There is a distinction made between the "latter end" and the person ("them").

    Peter is not saying this person will be a worse person, he is saying that this persons' "latter end" will be worse.

    How can this be speaking of anything but his eternal abode?

    No, I saw that, too. The text says that "...we are chastened of the Lord, that we should not be condemned with the world."

    There is a distinction here between the chastening of the Lord and the condemnation of the world. The reason for the Lords' chastening of us is to bring us to repentance, thus avoiding being condemned with the world.

    Could it be that in 11:30 we have both the chastened, and the unrepentant (weak and sickly vs. sleep)?

    For the Christian who walks in the light as he is in the light (1 John 1:7), there is no judgement for sin, for the blood of Jesus Christ cleanseth such a one from all sin.

    Just as it is written in Rom 8:1, "There is therefore now no condemnation [damnation/judgement] to them which are in Christ Jesus [Christians], who walk not after the flesh [in sin], but after the Spirit [in the light]."

    So his latter end will be worse than if he had never known the way of righteousness, right?

    Which would have been his end had he not known the way of righteousness, but now his latter end is worse. How do you reconcile that?


    Mark, what is the Christian's birthrite? Esau, it's true, sold his earthly birthrite for a cup-o-soup, not necessarily his eternal life. But the Hebrew writer uses Esau as an example by which to warn his Christian audience not to fall into fornication, or profanity, lest they should sell their Christian birthrite for the proverbial "cup-o-soup".

    So I ask you, what does the Christian stand to inherit? What is the Christian's birthrite?

    First, by saying the unfaithful Christian will not go to hell, you imply that the unfaithful Christian will go to heaven. This is the same as saying that God rewards unfaithfulness with heaven.

    Second, I'm not a Campbellite, and I'm employing no ruse. I am a Christian, nothing more and nothing less. I don't know why you insist on using names other than those used by the Bible. It must be a denominational thing...

    In 1 John 2:15, it is written,

    "Love not the world, neither the things that are in the world. If any man love the world, the love of the Father is not in him."

    Paul says in 2 Tim 4:10, "for Demas hath forsaken me, having loved this present world..."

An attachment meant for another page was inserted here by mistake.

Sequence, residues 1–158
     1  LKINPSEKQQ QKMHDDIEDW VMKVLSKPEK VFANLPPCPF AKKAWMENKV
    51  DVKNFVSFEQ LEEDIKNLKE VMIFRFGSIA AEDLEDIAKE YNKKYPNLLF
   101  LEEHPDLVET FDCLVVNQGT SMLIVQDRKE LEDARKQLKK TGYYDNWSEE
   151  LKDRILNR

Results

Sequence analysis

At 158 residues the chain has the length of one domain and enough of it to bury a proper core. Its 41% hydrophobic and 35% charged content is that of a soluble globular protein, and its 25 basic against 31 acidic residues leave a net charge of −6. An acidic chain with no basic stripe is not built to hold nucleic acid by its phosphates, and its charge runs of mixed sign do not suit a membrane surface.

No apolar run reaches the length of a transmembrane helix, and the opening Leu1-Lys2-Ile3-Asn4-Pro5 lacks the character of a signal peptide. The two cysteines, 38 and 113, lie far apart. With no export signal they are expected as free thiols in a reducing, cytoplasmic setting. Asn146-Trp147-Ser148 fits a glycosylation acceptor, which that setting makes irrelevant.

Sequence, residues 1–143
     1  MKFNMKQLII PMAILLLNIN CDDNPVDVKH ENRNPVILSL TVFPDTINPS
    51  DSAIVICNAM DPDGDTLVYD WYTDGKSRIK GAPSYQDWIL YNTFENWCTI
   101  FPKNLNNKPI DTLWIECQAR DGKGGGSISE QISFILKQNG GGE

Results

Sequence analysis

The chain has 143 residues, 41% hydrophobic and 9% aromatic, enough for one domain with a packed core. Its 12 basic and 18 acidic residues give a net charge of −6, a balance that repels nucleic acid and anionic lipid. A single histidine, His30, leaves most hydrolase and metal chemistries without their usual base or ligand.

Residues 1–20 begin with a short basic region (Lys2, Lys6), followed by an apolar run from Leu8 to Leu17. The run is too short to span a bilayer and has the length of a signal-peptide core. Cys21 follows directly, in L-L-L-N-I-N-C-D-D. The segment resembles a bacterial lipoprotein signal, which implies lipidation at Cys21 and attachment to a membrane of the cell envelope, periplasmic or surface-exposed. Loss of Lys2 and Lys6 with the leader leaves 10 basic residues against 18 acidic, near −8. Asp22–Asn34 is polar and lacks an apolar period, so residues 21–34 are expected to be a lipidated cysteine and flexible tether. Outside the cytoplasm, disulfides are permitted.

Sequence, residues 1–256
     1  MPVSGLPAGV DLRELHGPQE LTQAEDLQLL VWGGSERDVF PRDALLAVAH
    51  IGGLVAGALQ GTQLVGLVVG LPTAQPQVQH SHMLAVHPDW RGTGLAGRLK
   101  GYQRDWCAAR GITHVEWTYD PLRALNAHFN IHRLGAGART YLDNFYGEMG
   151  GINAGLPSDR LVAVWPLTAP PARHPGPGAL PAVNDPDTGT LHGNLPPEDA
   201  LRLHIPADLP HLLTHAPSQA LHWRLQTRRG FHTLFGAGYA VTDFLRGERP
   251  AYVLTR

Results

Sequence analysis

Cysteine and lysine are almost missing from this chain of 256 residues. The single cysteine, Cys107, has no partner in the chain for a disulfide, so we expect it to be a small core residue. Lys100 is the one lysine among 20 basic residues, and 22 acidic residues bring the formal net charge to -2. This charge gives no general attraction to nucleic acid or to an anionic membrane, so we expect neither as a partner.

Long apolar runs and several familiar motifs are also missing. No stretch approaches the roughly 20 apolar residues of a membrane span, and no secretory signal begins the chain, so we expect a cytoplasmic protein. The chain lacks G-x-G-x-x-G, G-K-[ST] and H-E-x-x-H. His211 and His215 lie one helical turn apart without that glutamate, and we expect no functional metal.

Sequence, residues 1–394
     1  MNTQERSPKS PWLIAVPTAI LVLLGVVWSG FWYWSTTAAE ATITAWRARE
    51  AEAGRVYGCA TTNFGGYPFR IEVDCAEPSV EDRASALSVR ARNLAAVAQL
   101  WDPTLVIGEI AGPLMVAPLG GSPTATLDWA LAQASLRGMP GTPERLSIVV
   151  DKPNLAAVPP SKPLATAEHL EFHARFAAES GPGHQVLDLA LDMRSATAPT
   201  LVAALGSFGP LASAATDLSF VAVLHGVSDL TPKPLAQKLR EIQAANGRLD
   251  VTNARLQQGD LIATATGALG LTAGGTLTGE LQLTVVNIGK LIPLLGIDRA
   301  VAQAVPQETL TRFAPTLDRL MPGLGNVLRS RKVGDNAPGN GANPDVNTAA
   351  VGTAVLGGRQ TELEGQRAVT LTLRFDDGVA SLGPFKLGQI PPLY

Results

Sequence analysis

In James 4:4 it is written,

    "Ye adulterers and adulteressess, know ye not that friendship with the world is enmity with God? whosoever therefore will be a friend of the world is the enemy of God."

    Demas loved the world. He was the enemy of God, though he had been faithful before. God's vengeance on Demas would be as to an enemy who had once sworn by the blood of Christ (by obedience to the gospel) to be a friend. He would execute vengeance upon one who had betrayed his covenant with His Son.

    I can go with that.

    Right, God chastens us as a loving father, and this precedes an exhortation to endure so as not to be like Esau and sell your Christian birthrite.

    In Christ,

    bmerr
     
  18. Mark Osgatharp

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    Again I ask, why must you find hell in every Scriptural warning? If you really loved righteousness you would understand that the mere fact of being a worse person than you were is bad enough within itself.

    The text says that the chastening was to sickness and death, and yet "not condemned with the world." No statement in the Bible is any more fatal to the "falling from grace" heresy.

    True, but we aren't talking about a Christian who walks in the light; we are talking about a Christian who backslides into darkness.

    The Christian's birthright is a clean slate, a the fellowship of the saints, restored self-respect, peace of heart and mind, God's guidance through life, eternal reward, and, most important of all, the ability to live a life pleasing to the Lord.

    A Christian can lose these things through backsliding, but he cannot himself be eternally lost. As Paul said,

    "he himself shall be saved, yet so as by fire."